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people:grads:kelley:research_interests

Research interests:

My thesis is on maximal subgroup growth, but I am interested in subgroup growth more generally (and also probabilistic group theory and profinite groups). Here is a preliminary version of a paper:

Maximal subgroup growth of abelian by cyclic groups. Note: The November 1 version of this paper should have stated at the beginning of section 2.2 that the rings are commutative (and unital).

In my spare time, I study Computational Complexity and hope to do research in this area too.

Advisor: Marcin Mazur

Colleague: Rachel Skipper

What is subgroup growth?

One way to try to understand some infinite groups is to study their subgroups of finite index. Given a finitely generated group $G$, we have a function $s_G(n): \mathbb{N} \to \mathbb{N}$, where $s_G(n)$ is the number of subgroups of $G$ of index at most $n$. How fast does this function grow? And how does this growth rate relate to structural properties of $G$? Sometimes, we can say quite a bit.

Subgroup growth also includes similar functions. For example, maximal subgroup growth is about counting the number maximal subgroups of $G$ of index $n$ (or at most $n$). In fact, the prime number theorem gives an asymptotic formula for the number of maximal subgroups of $\mathbb{Z}$ of index at most $n$.

One place to learn more is the book Subgroup Growth by Lubotzky and Segal.

What is a profinite group?

From calculus, we are familiar with taking limits of sequences of numbers, but how can we take limits of sequences of algebraic objects such as sets, groups or rings?

Let $G_1, G_2, \ldots$ be a sequence of groups. To take the limit, we need to somehow relate these groups to each other; we want the groups to be successive “approximations” of the limit object.

One possibility is that each group be a subgroup of the one that follows it; we then get the direct limit. The projective limit however, is different:

Let each group be a quotient of the next one. Then the limit is called the projective limit. If the groups in the sequence are finite, then the limit object is a profinite group (being the projective limit of finite groups). An example of this is approximating the integers by a sequence of cyclic groups: let $G_k = $ the cycle group of order $2^k$. Then addition mod $2^k$ does in fact approximate addition in $\mathbb{Z}$; in fact, this is how computers do arithmetic (the 2's complement method). And for this example, the limit object is the 2-adic integers.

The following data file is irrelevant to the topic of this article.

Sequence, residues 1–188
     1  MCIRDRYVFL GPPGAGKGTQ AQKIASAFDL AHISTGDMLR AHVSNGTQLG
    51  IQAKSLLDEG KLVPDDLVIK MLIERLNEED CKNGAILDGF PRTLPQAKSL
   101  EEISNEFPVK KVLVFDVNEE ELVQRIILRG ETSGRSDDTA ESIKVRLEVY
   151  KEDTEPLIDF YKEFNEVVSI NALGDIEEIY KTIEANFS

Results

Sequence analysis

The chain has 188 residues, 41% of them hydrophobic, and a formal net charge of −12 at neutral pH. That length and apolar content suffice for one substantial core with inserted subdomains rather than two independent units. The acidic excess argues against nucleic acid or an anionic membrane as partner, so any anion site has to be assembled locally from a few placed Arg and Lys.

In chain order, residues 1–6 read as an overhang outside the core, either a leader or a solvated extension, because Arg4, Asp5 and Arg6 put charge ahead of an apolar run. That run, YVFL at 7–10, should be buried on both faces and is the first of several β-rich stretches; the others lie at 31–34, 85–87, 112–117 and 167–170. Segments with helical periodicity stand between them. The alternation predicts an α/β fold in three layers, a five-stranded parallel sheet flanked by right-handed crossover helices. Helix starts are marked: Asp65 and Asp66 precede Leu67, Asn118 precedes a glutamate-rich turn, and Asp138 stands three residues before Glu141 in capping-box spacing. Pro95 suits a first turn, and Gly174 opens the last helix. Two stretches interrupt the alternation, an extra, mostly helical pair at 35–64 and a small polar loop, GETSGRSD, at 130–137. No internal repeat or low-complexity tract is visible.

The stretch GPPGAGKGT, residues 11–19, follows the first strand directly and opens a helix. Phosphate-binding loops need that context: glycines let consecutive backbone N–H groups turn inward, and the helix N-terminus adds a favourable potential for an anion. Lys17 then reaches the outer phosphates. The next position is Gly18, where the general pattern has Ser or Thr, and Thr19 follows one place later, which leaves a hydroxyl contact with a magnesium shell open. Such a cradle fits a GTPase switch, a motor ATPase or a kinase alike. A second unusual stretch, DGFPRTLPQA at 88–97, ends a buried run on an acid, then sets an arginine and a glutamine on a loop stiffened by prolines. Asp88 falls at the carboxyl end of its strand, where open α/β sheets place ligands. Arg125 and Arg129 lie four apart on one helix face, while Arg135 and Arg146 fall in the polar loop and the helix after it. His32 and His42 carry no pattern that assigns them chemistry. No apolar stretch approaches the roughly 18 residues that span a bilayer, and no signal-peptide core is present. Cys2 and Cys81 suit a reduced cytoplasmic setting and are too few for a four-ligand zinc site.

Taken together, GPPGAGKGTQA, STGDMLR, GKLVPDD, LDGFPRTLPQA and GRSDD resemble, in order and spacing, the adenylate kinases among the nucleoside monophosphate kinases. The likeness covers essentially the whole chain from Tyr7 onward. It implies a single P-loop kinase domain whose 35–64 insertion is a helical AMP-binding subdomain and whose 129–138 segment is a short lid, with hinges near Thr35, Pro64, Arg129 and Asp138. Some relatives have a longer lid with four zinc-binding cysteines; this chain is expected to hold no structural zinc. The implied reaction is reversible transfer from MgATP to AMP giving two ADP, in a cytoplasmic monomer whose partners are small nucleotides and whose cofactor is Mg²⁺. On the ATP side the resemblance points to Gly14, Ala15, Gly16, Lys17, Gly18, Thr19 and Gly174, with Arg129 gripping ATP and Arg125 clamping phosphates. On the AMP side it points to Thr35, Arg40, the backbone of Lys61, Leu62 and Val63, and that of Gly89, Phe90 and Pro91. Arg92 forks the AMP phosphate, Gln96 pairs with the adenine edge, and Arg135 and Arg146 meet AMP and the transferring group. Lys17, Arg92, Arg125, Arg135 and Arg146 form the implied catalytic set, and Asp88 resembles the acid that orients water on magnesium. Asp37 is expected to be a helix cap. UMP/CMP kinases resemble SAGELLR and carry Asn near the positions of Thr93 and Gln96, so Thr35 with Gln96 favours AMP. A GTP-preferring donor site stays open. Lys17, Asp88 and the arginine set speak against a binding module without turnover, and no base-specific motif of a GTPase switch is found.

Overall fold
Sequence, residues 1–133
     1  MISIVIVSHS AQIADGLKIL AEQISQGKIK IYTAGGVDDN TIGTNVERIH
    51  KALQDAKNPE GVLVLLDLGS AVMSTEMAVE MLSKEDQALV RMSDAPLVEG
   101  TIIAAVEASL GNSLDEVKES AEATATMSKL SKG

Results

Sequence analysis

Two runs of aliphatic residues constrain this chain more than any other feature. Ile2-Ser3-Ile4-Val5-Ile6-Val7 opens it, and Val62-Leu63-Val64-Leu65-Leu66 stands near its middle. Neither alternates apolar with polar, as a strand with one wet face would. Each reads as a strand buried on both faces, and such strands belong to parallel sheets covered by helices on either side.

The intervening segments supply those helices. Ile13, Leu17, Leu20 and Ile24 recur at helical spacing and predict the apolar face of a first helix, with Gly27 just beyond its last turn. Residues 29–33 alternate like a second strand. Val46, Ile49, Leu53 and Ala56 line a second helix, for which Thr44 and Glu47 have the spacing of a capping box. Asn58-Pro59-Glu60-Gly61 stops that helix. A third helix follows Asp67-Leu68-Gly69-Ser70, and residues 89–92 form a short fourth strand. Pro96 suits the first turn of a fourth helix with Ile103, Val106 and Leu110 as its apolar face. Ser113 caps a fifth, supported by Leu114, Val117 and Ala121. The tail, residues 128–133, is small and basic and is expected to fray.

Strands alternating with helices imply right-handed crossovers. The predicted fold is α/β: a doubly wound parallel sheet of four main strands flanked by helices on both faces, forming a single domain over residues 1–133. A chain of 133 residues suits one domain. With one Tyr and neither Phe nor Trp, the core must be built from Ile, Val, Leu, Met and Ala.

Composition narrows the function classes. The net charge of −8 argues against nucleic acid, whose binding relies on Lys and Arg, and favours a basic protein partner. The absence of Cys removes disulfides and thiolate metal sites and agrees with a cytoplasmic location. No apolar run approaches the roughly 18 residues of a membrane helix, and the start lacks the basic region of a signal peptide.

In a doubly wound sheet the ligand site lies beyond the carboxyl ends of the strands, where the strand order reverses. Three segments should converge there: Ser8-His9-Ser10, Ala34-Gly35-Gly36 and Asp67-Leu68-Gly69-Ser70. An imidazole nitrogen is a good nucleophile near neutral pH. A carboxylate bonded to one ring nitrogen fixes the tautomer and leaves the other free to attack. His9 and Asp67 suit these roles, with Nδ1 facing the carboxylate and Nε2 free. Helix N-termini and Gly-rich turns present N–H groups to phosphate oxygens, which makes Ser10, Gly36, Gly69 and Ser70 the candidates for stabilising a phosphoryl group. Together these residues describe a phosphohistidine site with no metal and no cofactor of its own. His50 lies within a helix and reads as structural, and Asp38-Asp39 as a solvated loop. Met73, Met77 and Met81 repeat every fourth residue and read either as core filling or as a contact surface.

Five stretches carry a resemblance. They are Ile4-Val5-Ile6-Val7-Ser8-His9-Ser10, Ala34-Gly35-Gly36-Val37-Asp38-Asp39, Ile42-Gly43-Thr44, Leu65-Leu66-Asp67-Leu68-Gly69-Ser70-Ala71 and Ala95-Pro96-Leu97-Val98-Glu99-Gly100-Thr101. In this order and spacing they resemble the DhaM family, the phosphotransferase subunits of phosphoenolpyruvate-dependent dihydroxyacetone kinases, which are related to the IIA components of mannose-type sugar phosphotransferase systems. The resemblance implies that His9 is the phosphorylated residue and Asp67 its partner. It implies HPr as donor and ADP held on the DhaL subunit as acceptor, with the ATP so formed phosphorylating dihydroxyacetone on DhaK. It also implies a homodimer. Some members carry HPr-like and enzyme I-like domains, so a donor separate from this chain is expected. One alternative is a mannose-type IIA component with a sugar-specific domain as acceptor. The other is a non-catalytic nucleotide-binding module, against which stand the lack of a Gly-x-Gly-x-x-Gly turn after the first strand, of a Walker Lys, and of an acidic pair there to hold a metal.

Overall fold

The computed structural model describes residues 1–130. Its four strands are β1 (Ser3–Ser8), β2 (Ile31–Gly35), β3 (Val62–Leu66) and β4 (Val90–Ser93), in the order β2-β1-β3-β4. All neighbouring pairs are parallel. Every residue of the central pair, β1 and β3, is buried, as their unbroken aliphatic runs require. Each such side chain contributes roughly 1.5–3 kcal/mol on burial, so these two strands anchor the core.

Some aspects of profinite group theory, by Segal, is an excellent survey.


Talks given:
  • Barriers to proving $P \neq NP$, November 2016
  • Maximal subgroup growth: current progress and open questions, November 2016
  • The maximal subgroup growth of some metabelian groups, March 2016
  • Exact counting of maximal subgroups, March 2016
  • Counting subgroups according to their index, May 2015
  • Polynomial subgroup growth: the pro-p case and more, May 2015
  • Counting subgroups via split extensions, April 2015
  • Profinite groups: Random generation and maximal subgroup growth, December 2014
  • Introduction to Profinite Groups and p-adic Numbers, December 2014
  • Random Groups, (20 min) Ohio State-Denison Conference, May 2014
  • Random Groups, (1 hour) April 2014
  • The Banach-Tarski Paradox, March 2013

(All the above talks (except one) were given at Binghamton University. Some were given in the algebra seminar, and four were given in the graduate student seminar. The ones given in May of 2015 were the two parts of my admission to candidacy exam.)

Conferences attended:
  • 2016: A Celebration of Mathematics and Computer Science - in honor of Avi Wigderson's 60th Birthday - IAS
  • 2015: Geometric and Probabilistic Methods in Group Theory and Dynamical Systems, Texas A&M
  • 2015: Combinatorics and Computer Algebra, Fort Collins, CO
  • 2014: Ohio State-Denison Mathematics Conference
  • 2014: Young Geometric Group Theory Conference in Luminy, France
  • 2014: Geometric Group Theory introductory school in Luminy, France
  • 2012: Binghamton University Graduate Conference in Algebra and Topology
  • 2012: Cornell Probability Summer School (a non-registered participant)
  • 2011: Binghamton University Graduate Conference in Algebra and Topology
people/grads/kelley/research_interests.txt · Last modified: 2016/11/21 14:41 by kelley